That way you aren’t disturbing the roots of the plants that you want to keep growing and the roots will just decompose and turn into fertilizer.
You can also clip off individual leaves with some handy garden snips as you need them in the kitchen. I’m rarely prepared when I go in the garden so I’ll often just pinch them off between my thumbnail and finger.
If you’re nearing the end of the growing season or you need to pull the plants to make soom for something else you can preserve the dill leaves by dehydrating them or by freezing them.
One thing you don’t want to do is just jerk the leaves off unless your intent is to pull up the whole plant.
After a while, your plants will stop growing new leaves and begin to bolt or send up flowers. Exactly when this happens will depend on the variety you’re growing and the weather.
Dill has a tendency to bolt when the temperature gets over 80 degrees. This is another reason to keep planting new dill patches over the growing season.
You can use the bright yellow flowers or let them mature to form seeds. Harvest the dried seeds by clipping off the flower heads into a paper bag or over a bowl to catch the seeds.
By the time they’re dry, the seeds will usually fall right off and you won’t have to do much work to get them separated from the stalks.
Dry dill seeds can be stored in
Cooking with Dill Weed & Dill Seed
I love a good multi-use item and dill hits the nail on the head there. Most herbs are good until they go to seed (ahem, basil) or are only grown for the seeds.
Dill says ‘hold my beer’ and produces edible leaves (aka dill weed), flowers, and seeds. In fact, the entire plant is edible and you can even eat the roots.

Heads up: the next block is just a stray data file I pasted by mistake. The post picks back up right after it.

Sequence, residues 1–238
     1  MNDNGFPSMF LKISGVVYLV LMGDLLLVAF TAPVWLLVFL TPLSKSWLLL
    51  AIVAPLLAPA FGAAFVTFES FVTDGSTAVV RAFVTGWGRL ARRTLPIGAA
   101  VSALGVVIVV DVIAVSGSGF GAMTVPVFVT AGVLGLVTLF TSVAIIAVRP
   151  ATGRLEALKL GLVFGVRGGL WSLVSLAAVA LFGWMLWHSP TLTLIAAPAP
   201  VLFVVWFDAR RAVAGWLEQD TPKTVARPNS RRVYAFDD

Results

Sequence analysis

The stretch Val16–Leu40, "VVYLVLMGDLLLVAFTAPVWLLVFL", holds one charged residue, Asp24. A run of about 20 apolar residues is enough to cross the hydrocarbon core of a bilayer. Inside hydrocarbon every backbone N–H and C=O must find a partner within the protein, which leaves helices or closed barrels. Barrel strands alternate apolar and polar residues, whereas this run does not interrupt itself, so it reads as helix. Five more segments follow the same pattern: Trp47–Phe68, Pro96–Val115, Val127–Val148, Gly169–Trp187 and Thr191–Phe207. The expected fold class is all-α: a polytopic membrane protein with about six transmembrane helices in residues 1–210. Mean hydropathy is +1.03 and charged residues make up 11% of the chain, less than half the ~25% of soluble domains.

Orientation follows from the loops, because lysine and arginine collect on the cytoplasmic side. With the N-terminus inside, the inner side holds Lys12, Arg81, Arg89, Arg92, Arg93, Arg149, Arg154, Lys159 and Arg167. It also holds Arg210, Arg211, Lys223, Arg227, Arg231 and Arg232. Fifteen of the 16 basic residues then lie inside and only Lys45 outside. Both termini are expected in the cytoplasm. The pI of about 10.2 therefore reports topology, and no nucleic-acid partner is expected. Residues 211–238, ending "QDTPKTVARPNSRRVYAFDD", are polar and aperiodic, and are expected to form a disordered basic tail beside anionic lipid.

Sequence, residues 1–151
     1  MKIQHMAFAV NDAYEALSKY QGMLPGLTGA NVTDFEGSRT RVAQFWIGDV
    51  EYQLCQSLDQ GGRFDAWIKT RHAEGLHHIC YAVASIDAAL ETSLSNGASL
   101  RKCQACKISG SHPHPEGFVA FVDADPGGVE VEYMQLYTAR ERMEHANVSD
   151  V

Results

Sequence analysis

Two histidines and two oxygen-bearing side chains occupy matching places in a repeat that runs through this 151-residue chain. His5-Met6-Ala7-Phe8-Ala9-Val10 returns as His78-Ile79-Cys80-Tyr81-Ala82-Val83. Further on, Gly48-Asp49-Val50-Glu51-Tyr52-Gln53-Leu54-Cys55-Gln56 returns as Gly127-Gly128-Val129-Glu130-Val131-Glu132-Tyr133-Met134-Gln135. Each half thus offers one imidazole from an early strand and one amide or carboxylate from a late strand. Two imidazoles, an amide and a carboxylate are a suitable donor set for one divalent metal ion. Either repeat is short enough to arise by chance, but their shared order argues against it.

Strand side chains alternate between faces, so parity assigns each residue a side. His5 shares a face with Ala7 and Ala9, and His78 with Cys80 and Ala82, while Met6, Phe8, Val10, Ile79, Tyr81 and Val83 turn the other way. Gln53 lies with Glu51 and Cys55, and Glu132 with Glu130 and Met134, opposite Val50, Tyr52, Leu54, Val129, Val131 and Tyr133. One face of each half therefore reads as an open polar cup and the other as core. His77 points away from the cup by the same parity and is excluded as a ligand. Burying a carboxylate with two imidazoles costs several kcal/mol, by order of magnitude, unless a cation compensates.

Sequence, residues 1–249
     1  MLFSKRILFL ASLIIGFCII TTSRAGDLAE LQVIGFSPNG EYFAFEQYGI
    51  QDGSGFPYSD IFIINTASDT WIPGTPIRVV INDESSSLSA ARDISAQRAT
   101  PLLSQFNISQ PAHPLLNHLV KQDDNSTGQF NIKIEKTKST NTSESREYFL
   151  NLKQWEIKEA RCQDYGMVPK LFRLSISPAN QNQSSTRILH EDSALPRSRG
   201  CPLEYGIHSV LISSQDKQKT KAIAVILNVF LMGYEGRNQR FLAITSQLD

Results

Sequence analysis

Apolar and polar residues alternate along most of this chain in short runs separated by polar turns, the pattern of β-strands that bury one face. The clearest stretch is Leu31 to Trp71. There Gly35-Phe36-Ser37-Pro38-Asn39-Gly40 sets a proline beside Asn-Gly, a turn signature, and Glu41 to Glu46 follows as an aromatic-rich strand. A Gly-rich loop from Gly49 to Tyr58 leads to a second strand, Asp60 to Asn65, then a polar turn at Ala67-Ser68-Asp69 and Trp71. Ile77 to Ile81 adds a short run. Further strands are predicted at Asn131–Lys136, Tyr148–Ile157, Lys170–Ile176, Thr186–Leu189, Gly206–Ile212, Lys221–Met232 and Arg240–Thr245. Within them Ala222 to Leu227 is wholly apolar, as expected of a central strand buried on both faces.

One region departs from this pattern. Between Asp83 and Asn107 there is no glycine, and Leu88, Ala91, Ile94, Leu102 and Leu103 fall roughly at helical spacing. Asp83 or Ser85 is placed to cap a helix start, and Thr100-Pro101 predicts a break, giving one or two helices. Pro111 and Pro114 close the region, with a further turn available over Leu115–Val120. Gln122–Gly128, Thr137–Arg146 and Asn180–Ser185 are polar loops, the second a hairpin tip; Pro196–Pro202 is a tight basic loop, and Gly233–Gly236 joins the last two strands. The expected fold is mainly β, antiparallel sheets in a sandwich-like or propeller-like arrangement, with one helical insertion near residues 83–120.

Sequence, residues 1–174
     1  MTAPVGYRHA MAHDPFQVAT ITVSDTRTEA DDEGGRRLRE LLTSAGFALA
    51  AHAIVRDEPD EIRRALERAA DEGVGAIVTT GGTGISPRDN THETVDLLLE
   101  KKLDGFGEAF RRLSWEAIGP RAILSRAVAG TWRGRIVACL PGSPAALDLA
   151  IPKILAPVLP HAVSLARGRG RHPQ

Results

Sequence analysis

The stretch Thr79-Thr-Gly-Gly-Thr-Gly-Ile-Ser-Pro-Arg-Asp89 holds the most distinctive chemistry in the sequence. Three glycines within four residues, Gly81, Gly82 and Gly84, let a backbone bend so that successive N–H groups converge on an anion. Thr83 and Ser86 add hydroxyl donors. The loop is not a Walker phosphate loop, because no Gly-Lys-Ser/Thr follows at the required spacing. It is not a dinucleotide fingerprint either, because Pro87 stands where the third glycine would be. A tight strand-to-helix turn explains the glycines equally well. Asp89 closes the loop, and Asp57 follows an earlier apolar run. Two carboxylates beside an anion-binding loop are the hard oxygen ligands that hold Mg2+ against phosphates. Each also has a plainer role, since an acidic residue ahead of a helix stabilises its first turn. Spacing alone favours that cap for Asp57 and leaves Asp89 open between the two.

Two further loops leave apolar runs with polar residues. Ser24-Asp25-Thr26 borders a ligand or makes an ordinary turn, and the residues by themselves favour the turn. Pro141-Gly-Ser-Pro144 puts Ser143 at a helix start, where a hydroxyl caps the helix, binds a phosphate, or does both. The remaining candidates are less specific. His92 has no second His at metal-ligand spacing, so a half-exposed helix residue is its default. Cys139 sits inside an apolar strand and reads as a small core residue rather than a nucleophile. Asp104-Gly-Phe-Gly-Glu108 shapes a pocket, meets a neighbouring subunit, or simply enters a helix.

Here are a few dill recipes to get you started:
- Caramelized Onion Dill Dip
- Roasted Beets with Dill Dressing from From a Chef’s Kitchen
- Dill Pickle Pasta Salad from Recipes from a Pantry
- Creamy Cucumber Dill Salad from Let’s Dish
- Polish Dill Pickle Soup from An Edible Mosaic
- Dill Pickle Sauerkraut from Homestead Lady
- Grandma’s Dill Pickle Recipe from Lovely Greens
- Small Batch Crunchy Dill Pickles from Simple Seasonal
- Dill Bread from Linger a Little
- Dilly Beans from Grow A Good Life
Growing Dill for Butterflies
If I’m being honest, I intend to make a lot more pickles than I ever make (big thanks to my children eating the cucumbers before they make it into the house) so most of the dill in my garden is grown for the butterflies.
Specifically, Black Tiger Swallowtail butterfly caterpillars. They look a lot like monarch caterpillars with smooth lime green and black skin but they have yellow dots and lack the black antennae.
Their preferred foods are wild queen Ann’s lace, carrot tops, parsley, and dill. They are hungry little buggers and will eat an impossible amount of food before pupating.
Personally, I think the world needs more caterpillars and butterflies so I’m willing to sacrifice my dill. I’d sacrifice my carrots but I’ve never had much luck growing them.
If you’ve struggled in the past with black tiger swallowtail caterpillars decimating your carrot patch planting a mass of dill is a great way to give them a meal without sacrificing your garden.
Carefully transfer the caterpillars from the carrot tops to the dill fronds and wish them well.
Check out my Vegetable Garden page for more ideas or start here: